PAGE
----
Twice a year since the time you were two, you’ve probably sat in a dentist’s chair as she poked and prodded your pearly whites. It’s easy to delay that semi-annual trip to the dentist as you age, especially if no new problems seem to be appearing. Unfortunately, teeth are not like wine, and they rarely get better with time. Here are five of the most common oral health concerns after 50.
Dehydration frequently causes “cotton mouth,” but there’s more to the story when age is factored in, says Dr Shehzad Sheikh of Dominion Dental Care. “The most important dental concern is xerostomia, or dry mouth. As we age, our bodies have less saliva than when we were younger — hence, less ability for the saliva to wash away the bacteria that sticks to the teeth, which can then begin to cause either periodontal (gum) issues or caries (cavities).”
Outside influences also can affect dry mouth, as dentist Kimberly McFarland DDS, MHSA, explains. “Dry mouth is often caused by medications or multiple medications people take, especially as they age.”
Dental cavities are as much a problem for adults as they are for candy-laden children. Sheikh says, “As an adult, most caries are ‘recurrent’, meaning that they occur around restorations that have already been placed. This means that old fillings and crowns can begin to break down, or the tooth structure itself around the old fillings and crowns can begin to break down, causing the potential loss of the tooth.” Sheikh says fluoride use, regular visits to the dentist, and regular flossing and brushing are the best preventive measures.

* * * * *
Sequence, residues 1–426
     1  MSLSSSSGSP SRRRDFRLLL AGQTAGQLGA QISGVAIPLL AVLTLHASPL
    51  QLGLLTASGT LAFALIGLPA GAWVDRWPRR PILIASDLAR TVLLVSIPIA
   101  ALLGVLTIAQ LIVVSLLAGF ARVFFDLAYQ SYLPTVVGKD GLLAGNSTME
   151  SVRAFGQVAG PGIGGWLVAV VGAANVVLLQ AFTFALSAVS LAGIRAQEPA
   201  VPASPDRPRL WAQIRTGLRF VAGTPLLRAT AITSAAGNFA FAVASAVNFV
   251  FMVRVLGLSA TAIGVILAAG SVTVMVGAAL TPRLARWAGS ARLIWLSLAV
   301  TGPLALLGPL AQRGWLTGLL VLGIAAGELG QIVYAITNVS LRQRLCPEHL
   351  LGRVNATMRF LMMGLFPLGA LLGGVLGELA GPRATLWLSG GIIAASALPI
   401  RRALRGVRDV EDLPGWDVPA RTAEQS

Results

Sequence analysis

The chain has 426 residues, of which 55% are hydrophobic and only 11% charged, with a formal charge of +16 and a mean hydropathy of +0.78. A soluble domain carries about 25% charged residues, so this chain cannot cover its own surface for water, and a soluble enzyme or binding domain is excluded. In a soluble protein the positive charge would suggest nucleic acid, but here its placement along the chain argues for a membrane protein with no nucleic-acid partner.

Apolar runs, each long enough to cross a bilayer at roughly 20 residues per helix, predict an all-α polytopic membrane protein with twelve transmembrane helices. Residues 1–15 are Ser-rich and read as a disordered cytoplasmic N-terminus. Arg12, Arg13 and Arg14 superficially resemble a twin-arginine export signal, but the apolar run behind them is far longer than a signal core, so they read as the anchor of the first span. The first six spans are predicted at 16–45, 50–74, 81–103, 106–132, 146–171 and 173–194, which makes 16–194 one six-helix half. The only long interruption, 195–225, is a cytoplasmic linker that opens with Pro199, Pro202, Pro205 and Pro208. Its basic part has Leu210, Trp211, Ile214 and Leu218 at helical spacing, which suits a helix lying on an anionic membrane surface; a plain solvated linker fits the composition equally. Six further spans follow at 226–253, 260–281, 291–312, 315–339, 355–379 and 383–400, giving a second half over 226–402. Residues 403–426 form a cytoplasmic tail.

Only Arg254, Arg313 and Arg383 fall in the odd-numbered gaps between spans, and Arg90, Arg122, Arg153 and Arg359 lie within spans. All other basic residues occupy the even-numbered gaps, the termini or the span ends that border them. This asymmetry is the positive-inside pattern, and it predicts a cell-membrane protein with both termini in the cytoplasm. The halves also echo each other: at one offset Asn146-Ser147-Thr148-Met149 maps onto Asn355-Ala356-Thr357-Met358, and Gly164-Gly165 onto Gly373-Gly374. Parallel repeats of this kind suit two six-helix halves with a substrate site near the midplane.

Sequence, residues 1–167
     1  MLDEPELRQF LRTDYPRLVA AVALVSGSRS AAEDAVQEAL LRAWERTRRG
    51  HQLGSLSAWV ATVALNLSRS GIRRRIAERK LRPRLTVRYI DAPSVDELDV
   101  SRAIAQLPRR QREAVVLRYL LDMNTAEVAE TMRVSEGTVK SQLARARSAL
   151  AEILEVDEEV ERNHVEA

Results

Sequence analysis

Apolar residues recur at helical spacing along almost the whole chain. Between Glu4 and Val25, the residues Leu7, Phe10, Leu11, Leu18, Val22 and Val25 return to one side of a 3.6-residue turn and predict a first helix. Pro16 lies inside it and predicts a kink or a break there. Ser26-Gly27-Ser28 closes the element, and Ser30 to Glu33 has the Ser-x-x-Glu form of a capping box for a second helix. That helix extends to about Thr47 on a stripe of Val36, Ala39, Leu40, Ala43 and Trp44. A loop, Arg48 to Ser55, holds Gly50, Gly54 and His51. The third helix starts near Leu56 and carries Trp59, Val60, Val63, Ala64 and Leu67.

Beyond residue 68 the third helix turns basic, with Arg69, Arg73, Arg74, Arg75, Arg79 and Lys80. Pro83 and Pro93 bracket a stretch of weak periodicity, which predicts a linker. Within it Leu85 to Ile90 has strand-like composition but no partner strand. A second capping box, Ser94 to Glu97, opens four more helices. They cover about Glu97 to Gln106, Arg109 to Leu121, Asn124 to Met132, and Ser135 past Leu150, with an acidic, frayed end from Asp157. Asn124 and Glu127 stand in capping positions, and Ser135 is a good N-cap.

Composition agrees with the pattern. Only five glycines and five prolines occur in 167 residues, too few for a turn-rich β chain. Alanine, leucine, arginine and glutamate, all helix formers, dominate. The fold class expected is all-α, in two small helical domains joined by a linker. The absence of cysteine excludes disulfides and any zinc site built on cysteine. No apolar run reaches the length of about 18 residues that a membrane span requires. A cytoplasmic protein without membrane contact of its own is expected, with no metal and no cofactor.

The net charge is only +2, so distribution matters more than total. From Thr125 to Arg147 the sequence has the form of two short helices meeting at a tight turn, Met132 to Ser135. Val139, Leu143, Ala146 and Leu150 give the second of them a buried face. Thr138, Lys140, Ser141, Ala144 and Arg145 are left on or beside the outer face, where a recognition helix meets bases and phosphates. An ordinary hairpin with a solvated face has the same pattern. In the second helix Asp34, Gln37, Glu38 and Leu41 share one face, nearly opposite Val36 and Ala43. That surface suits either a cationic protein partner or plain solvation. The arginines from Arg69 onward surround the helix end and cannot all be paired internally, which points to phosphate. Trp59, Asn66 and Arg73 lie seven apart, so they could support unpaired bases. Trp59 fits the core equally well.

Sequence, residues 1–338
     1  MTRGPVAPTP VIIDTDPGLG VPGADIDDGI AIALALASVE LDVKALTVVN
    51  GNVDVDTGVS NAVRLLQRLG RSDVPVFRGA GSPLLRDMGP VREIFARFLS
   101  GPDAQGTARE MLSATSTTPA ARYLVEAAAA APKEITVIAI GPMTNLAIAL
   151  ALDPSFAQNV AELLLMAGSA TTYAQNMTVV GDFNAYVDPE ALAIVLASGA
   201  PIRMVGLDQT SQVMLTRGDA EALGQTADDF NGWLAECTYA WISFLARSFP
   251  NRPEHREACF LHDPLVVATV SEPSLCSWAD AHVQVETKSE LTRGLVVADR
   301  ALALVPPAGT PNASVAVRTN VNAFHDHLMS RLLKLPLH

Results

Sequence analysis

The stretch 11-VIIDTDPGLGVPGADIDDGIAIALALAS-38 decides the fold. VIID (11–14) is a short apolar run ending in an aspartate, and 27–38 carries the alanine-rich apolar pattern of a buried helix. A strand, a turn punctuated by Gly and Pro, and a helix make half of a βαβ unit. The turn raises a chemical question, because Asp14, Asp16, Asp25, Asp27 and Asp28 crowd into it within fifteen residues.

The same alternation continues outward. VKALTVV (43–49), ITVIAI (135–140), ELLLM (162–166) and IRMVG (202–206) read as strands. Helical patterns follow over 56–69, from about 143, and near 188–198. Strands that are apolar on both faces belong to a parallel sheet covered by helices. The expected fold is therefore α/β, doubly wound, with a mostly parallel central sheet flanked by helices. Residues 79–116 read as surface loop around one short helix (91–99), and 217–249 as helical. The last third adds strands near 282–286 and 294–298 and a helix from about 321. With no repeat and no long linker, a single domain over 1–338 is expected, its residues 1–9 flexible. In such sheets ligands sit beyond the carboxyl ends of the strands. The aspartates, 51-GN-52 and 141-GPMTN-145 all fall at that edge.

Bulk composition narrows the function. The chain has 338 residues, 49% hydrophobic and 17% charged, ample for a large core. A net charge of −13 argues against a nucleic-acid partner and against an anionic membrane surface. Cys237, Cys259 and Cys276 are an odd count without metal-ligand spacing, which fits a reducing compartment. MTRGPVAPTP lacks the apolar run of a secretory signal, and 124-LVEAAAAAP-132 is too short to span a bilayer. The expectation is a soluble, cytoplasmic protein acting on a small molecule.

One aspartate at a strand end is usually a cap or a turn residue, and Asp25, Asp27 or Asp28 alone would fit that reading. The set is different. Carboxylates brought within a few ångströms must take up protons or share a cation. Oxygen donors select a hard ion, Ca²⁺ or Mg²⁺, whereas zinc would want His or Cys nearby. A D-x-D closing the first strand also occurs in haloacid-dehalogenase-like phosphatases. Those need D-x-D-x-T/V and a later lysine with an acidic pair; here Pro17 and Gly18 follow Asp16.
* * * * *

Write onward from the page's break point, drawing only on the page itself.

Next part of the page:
Sometimes, oral troubles develop for some time below the surface before they come to our attention. McFarland explains, “Although periodontal disease (loss of the supporting bone around the teeth) may have been going on for years, the patient may not be aware of her condition until she is older, and the teeth become loose or start to fall out. Generally, there is no pain associated with periodontal disease. The teeth simply become loose and fall out. Therefore, patients should see their dentist and hygienist regularly for care.”
Clenching and grinding
Bad habits such as nighttime or daytime teeth grinding or clenching can do a number on your teeth. “Young teeth are considered to be strong but over time the teeth begin to wear down,” says Dr Sheikh, “As we age, this wear can cause teeth to fracture, which then necessitates further treatments such as root canals and crowns.”
To avoid further damage, Sheikh says, “An ounce of prevention is worth a pound of cure. I recommend a nightguard to any patient who I suspect of having a traumatic or heavy bite from clenching and grinding,”
While mouth cancer isn’t very common, it is a significant concern for the older generation who smoked and drank long before the dangers were revealed. Facial plastic surgeon DJ Verret, MD, points out the consequences: “The biggest risk factor for oral cavity and airway cancers is smoking history. For both smokers and non-smokers who have lost their lower teeth, the jaw bone will shrink over time, which can lead to an increased risk of bone fractures.”
There is hope, though. Verret continues, “If patients get dental implants — not dentures but true implants — the lower jawbone will not atrophy over time. There is something about the forces exerted by the implants and not dentures that causes the mandible to think that it still has teeth.”